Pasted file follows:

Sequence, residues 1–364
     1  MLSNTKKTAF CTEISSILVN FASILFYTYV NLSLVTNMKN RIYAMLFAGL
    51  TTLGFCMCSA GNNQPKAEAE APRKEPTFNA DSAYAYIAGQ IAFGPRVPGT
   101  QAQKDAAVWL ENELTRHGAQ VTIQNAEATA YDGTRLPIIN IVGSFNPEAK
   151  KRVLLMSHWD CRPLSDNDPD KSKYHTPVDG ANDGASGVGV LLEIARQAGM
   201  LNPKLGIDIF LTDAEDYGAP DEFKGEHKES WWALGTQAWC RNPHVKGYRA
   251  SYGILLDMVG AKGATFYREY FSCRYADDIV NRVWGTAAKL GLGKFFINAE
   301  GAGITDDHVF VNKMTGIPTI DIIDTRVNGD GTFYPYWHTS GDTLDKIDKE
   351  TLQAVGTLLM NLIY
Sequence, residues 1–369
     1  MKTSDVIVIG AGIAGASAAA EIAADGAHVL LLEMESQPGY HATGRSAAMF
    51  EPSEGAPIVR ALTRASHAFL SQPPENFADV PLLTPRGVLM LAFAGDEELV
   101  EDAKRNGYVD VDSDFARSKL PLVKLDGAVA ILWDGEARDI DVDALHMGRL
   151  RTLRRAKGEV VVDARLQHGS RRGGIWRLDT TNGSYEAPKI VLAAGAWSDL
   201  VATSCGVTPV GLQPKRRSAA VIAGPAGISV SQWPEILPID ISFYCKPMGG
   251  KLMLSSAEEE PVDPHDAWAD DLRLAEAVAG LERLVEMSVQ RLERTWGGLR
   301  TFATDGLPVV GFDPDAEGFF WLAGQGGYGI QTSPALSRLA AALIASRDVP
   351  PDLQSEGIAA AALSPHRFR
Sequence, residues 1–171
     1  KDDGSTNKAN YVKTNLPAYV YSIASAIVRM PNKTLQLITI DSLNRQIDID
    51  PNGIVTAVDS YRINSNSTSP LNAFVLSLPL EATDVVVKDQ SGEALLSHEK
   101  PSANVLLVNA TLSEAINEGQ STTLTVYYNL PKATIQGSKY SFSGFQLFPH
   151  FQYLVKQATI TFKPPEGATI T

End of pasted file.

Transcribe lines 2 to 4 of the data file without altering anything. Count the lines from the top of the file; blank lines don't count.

     1  MLSNTKKTAF CTEISSILVN FASILFYTYV NLSLVTNMKN RIYAMLFAGL
    51  TTLGFCMCSA GNNQPKAEAE APRKEPTFNA DSAYAYIAGQ IAFGPRVPGT
   101  QAQKDAAVWL ENELTRHGAQ VTIQNAEATA YDGTRLPIIN IVGSFNPEAK